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re:DIY CO2

This is what I do:

>I'm building my first home-made yeast CO2 injector, and have a couple of 
>questions that I'd appreciate your advice on:
>1) Does the bottle have to be above the aquarium?

Mine sits under the aquarium.

>2) Would a check valve help if it were to be paced below the

I don't use one. I found it tends to block the CO2 flow, resulting 
in infrequent but large bubbles. And why one is necessary anyway ?
Pressure inside the CO2 bottle is larger than at the aquarium end
of the airline (otherwise CO2 wouldn't flow at all). If pressure drops
at the end of CO2 production, water may flow back from the tank, but 
the empty volume in the bottle is barely one cup worth. And then the 
brew cannot flow into the tank because the pressure is gone. The only
risk is if the bottle breaks, or the airline disconnects. If the bottle
is well protected under the aquarium stand, how that would happen by
itself ? My cats don't go in there either...

>3) Should the bottle be placed upright or on its side?

Upright, and leave about 20% of the volume empty so to avoid the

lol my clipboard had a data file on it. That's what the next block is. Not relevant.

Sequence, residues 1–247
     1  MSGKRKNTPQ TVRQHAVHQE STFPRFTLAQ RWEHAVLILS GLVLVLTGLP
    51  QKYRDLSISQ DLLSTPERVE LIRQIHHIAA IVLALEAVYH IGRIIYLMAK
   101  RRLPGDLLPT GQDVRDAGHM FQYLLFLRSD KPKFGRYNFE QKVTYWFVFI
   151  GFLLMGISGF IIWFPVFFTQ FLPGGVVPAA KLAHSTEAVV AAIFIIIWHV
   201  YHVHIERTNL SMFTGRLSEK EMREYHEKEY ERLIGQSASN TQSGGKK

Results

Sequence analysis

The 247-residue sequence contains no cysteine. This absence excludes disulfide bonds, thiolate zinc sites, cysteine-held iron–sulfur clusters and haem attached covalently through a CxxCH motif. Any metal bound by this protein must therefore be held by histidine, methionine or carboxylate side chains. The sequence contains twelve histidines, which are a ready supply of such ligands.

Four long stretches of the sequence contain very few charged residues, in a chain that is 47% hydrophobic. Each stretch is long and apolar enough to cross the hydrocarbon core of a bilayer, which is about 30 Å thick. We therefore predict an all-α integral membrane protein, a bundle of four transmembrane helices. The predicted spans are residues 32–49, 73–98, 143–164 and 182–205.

nasty brew from flowing into the tank if it foams.

>4) I'm planning to vent the CO2 into the intake of a Fluval 403 canister
>filter. What is the best way to do this? E.g., stuff the airline tubing
>directly into the side of the intake, add a disposable air stone and let the
>CO2 bubble up into the intake from below?

I have a Fluval 303 and didn't adopt that approach. I read in the archive
that Fluvals are sensitive to gas bubbles trapped in the impeller
chamber. They get noisy them. My experience with eventual air bubbles
caught in the chamber during maintenance tell me otherwise, but better safe
than sorry. So I built a cheapo counter-flow DIY CO2 reactor connected to 
the filter output via a diveter tee. It doubles as a bubble counter. Btw,
how you would measure the bubble rate if the airline end is stuck into the
filter input ?

-Ivo Busko
 Baltimore, MD